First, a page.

Rudolf K. Allemann

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Rudolf Allemann
Rudolf K Allemann (biological chemist).jpg
Nationality Swiss
Fields Chemical Biology
Synthetic Biology
Alma mater ETH Zurich
Doctoral advisor Steven A. Benner
Known for Biological Chemistry

Rudolf Konrad Allemann is a Distinguished Research Professor and Head of Biological and Organic Chemistry at Cardiff University.[1] Allemann joined the faculty at Cardiff in 2005, after working at the University of Birmingham, the Swiss Federal Institute of Technology ETH Zurich and the UK MRC National Institute for Medical Research at Mill Hill.

Education and academic career[edit]

Allemann earned his Dipl. Chem. ETH (B.S./M.S.) from ETH Zurich in 1985.[1] His PhD was carried out at Harvard University and ETH Zurich with Steven A. Benner and culminated in the award of a Dr. sc. nat ETH for his thesis 'Evolutionary Guidance as a Tool in Organic Chemistry'.[2] He then moved to the UK to as a Royal Society and Swiss National Science Foundation postdoctoral fellow at the National Institute for Medical Research, before returning to the ETH Zurich in 1992 as a research group leader in Biological Chemistry. He completed his habilitation in 1998 ('DNA Recognition by Eukaryotic Transcriptional Regulators')[2] and then joined the University of Birmingham, first as a Senior Lecturer and then Professor of Chemical Biology. Since 2005 he has been a Distinguished Research Professor at Cardiff University.[1]

Research[edit]

A leading protagonist of modern biological chemistry, Allemann's research bridges the gap between enzymology and organic chemistry. By exploiting chemical, biophysical, enymological and molecular biology techniques, he has made contributions towards understanding enzymatic mechanisms. He has pioneered detailed mechanistic investigations of terpene synthases such as aristolochene synthase, germacrene-A synthase and delta-cadinene synthase, leading to insights into how the diversity of the terpenome (terpene and terpenoid natural products) is generated from a single precursor.[3] Allemann's work on hydrogen transfer catalysing enzymes including dihydrofolate reductase has led to deep new insights into the contributions from quantum mechanical tunnelling and protein dynamics to the enormous rate accelerations typical of Nature’s catalysts.[4] Allemann’s laboratory has been among the pioneers in synthetic biology and has developed innovative applications such as the first generation of designer enzymes,[5] intracellular biophotonic nanoswitches (photoactivated peptides) and optogenetic tools for the control of biological processes in cell culture and in live organisms,[6] as well as pioneering new methodology in synthetic biology for generating novel unnatural terpene-like non-natural natural products with applications in agriculture and healthcare.[7]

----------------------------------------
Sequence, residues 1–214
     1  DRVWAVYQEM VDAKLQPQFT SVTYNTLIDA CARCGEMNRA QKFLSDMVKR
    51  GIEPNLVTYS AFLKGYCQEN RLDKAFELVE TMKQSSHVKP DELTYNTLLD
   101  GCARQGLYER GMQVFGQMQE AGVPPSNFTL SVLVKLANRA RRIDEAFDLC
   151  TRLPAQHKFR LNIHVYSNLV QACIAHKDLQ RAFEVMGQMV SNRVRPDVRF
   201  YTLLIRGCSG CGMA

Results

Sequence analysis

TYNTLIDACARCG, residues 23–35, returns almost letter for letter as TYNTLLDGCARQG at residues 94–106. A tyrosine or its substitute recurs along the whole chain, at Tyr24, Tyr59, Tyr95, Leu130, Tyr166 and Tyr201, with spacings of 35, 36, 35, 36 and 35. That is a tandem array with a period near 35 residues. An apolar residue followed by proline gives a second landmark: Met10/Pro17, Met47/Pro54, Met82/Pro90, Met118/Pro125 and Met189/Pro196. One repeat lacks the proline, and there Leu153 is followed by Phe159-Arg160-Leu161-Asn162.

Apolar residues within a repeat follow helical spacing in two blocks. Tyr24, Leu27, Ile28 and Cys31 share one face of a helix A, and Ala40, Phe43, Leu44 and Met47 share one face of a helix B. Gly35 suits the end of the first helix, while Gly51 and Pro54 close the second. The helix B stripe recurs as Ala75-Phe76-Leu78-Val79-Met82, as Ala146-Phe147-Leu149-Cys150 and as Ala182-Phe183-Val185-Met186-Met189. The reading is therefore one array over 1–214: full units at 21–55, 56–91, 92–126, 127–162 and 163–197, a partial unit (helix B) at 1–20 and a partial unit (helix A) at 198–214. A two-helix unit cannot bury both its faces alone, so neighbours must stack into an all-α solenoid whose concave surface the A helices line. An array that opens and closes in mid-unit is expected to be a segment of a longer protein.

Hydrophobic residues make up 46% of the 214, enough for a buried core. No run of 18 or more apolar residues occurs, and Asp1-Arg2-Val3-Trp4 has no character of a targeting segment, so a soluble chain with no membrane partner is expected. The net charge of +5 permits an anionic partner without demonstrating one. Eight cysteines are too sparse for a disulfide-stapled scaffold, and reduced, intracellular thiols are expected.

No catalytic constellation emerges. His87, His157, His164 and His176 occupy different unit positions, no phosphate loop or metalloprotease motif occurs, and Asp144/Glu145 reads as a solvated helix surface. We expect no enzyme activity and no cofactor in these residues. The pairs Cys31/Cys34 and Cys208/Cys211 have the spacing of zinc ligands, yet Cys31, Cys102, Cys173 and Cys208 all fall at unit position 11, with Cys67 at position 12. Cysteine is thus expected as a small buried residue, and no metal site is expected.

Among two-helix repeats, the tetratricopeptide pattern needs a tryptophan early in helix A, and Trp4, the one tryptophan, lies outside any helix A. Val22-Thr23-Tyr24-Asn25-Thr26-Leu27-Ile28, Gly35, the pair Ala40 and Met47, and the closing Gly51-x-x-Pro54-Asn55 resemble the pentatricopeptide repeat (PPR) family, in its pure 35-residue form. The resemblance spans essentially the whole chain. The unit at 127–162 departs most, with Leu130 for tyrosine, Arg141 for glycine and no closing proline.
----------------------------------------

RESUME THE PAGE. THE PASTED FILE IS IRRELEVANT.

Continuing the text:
See Also[edit]

References[edit]

  1. ^ a b c "Professor Rudolf Allemann Dipl. chem. ETH, Dr.sc.nat.(PhD),CChem,FRSC". Retrieved 2012-02-22. 
  2. ^ a b "ETH ETH E-Collection: Evolutionary guidance as a tool in organic chemistry - ETH E-Collection". Retrieved 2012-03-21. 
  3. ^ Miller, DJ Allemann, RJ (2012). "Sesquiterpene synthases: Passive catalysts or active players?". Natural Product Reports 29 (1): 60–71. doi:10.1039/C1NP00060H. PMID 22068697. 
  4. ^ Loveridge, EJ Behiry, EM Guo, J Allemann, RK (2012). "Evidence that a ‘dynamic knockout’ in Escherichia coli dihydrofolate reductase does not affect the chemical step of catalysis". Nature Chemistry 4 (4): 292–297. doi:10.1038/nchem.1296. PMID 22437714. 
  5. ^ Johnsson, K Allemann, RK Widmer, H Benner, SA (1993). "Synthesis, structure and activity of artificial, rationally designed catalytic polypeptides". Nature 365 (6446): 530–532. doi:10.1038/365530a0. PMID 8413606. 
  6. ^ Kneissl, S Loveridge, EJ Williams, C Crump, MP Allemann, RK (2008). "Photocontrollable Peptide-Based Switches Target the Anti-Apoptotic Protein Bcl-X-L". ChemBioChem 9 (18): 3046–3054. doi:10.1002/cbic.200800502. PMID 19012295. 
  7. ^ Cascon, O Touchet, S Miller, DJ Gonzalez, V Faraldos, JA Allemann, RK (2012). "Chemoenzymatic preparation of germacrene analogues". Chemical Communications 48: 9702–9704. doi:10.1039/C2CC35542F. PMID 22914774. 

External links[edit]